Advances in High Resolution, High Content Optical Biomolecular Imaging
Peter T. C. So
Department of Mechanical and Biological Engineering, MIT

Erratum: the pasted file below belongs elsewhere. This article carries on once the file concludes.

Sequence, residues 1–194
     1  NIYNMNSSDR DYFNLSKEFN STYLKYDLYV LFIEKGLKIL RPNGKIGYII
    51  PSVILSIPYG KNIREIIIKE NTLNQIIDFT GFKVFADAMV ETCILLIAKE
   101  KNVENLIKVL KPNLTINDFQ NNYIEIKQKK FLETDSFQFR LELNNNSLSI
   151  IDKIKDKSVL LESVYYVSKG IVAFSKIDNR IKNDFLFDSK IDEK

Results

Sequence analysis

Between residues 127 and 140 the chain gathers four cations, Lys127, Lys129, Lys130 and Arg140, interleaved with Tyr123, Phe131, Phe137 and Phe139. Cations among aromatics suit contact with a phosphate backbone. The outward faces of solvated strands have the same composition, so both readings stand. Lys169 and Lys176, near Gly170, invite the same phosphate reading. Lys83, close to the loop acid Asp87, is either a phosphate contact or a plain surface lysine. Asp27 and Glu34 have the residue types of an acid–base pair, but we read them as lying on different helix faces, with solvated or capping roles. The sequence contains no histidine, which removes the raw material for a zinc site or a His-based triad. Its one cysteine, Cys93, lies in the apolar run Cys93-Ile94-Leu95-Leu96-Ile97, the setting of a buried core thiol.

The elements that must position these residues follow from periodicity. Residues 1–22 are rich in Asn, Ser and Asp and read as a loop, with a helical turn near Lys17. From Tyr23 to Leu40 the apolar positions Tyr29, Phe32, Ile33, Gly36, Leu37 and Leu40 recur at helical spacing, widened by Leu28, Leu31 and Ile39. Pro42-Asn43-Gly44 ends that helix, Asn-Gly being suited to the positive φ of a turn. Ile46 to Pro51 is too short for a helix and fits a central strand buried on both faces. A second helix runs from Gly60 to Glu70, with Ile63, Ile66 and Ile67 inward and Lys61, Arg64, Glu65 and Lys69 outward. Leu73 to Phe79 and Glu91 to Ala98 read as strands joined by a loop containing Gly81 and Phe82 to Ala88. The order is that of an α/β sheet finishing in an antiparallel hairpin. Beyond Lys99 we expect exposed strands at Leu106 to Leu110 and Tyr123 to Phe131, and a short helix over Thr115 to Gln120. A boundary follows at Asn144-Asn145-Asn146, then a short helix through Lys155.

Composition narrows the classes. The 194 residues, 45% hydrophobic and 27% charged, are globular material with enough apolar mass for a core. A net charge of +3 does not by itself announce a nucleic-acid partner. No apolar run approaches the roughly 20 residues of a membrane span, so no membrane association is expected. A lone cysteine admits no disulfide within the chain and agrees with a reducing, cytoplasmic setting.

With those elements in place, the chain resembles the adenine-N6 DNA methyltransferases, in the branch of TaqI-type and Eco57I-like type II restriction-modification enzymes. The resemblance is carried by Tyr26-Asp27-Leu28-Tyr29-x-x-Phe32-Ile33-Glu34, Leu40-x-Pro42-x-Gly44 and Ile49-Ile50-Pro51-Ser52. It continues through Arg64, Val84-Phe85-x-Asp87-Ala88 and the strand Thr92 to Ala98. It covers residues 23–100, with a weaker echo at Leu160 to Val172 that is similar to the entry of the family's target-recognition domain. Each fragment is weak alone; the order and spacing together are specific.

A central challenge of modern biology is the need to understand how the interactions of protein machines affect cellular physiology and the pathology. Optical imaging and spectroscopy afford unprecedented opportunities in studying these dynamical processes in vivo. In this lecture, I will focus on two microscopy technologies. First, time-resolved fluorescence resonance energy transfer microscopy has been developed to study mechanotransduction processes. Specifically, we demonstrate for the first time the quantification of association constants of focal adhesion proteins in vivo. Second, the resolution of optical imaging has been limited by the diffraction of light. I will describe standing-wave total internal reflection microscopy, a wide-field, high speed optical imaging technique with demonstrated 80 nm resolution. The possibility of extending the resolution of this technique to sub-50 nm based on surface plasmon excitation will be examined.